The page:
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In the early 1850s Thoreau committed himself more fully than ever to his journal. At the time of his death, he had written two million words in this private storehouse, filling seven thousand pages in forty-seven volumes between October 1837 and November 1861. He came to realize that his most important task was attending the natural phenomena of everyday life, and at one point he half-jokingly complained that his observations were becoming more scientific and less poetic….He created a huge calendar of annual natural events, recording the first blossoming of wildflowers and the return of migrating birds, the emergence of woodchucks and the duration of snowstorms.” — from Michael Sims’ The Adventures of Henry Thoreau

It’s astounding to think of the legacy Henry David Thoreau left us, after only forty-four short years on the earth he loved so well. Thoreau lives on, and he always will on the Land Library’s shelves!

In the past few months we were thrilled to add two more books to our Thoreau collection. Both volumes bring a fresh new Thoreau to our worried age of climate change and nature-deficit disorder. We learn about the always aspiring, sometimes faltering writer (and sharp-eyed naturalist) in Michael Sims’ The Adventures of Henry Thoreau: A Young Man’s Unlikely Path to Walden Pond. Sims’ goal is to “find Henry” rather than “applaud Thoreau”, and that he does. Rebecca Solnit writes: “The closest you’ll ever get to going on a walk with Thoreau is reading this book.”

While Thoreau walked he observed and meticulously recorded nature’s details — to an extent we never fully appreciated until reading Richard Primack’s Walden Warming: Climate Change Come to Thoreau’s Woods (also pictured above). Primack is one of the current-day scientists who are mining Thoreau’s journals and daily logs for clues to the creeping climate crisis we all face. Primack, professor of biology at Walden’s near neighbor, Boston University, writes:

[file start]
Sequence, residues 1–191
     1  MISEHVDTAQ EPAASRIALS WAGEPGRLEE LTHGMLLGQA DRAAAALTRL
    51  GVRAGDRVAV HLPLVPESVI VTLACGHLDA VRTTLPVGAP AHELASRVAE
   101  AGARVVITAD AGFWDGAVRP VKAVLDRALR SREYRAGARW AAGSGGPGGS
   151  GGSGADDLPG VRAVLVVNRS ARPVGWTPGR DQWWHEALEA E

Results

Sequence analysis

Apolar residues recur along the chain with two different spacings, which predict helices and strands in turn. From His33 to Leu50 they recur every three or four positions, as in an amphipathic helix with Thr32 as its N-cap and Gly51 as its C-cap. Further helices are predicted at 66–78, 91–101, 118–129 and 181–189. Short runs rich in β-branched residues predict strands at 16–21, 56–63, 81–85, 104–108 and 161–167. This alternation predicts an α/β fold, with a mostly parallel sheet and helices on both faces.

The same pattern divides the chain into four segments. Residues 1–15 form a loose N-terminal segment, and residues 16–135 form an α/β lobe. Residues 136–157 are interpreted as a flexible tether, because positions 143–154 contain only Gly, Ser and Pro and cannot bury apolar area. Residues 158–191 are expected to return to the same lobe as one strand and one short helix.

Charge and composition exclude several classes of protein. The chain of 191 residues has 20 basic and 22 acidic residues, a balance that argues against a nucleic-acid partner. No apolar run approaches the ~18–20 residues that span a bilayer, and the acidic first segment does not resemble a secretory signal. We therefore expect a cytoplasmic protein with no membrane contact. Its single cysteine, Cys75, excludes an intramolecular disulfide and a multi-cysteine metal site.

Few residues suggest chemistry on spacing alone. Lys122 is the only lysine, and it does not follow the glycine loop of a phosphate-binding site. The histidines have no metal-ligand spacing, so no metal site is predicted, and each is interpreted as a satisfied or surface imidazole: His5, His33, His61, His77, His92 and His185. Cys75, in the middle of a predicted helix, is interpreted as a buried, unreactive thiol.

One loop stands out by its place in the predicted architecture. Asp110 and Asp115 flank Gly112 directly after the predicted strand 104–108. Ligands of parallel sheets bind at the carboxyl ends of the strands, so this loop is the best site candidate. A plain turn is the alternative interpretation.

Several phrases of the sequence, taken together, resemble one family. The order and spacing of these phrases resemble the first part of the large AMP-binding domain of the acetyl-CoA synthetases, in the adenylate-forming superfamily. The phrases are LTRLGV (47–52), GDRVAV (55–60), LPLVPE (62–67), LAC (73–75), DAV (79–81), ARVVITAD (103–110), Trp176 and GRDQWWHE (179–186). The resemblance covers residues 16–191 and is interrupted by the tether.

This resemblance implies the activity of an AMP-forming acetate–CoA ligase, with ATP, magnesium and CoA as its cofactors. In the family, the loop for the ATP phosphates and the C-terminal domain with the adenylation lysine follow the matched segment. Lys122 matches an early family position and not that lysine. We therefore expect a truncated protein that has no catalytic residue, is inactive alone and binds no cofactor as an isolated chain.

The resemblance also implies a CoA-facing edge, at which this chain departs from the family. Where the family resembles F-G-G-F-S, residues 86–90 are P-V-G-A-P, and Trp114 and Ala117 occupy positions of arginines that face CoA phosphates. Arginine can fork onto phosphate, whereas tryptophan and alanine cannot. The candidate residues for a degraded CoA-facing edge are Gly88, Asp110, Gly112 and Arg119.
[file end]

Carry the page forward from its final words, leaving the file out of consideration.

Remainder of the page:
In the past, Thoreau directly called our attention to the issues of protecting nature, ending slavery and unjust war, and the need for simple living. Today his journals and his unfinished calendar of nature can give us further insights. His records of plant flowering times at Walden Pond and in one small town in Massachusetts convey a much larger truth. The changing climate is already affecting the plant life that forms the base of the food web upon all life depends.

And so Thoreau’s legacy takes on an even deeper significance.

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A library can’t have too many editions of Thoreau’s classic book, but one of our favorites is Jeffrey Cramer’s annotated Walden. Thoreau is a strong presence at our Waterton Canyon Kids Nature Library too. We especially love Steven Schnur’s Henry David’s House.

No matter where you live, urban or rural, we all have our own Walden Pond. Attention, and devotion, is all!

I frequently tramped eight or ten miles through the deepest snow to keep an appointment with a beech-tree, or a yellow birch, or an old acquaintance among the pines.” from Walden

A Teachable Moment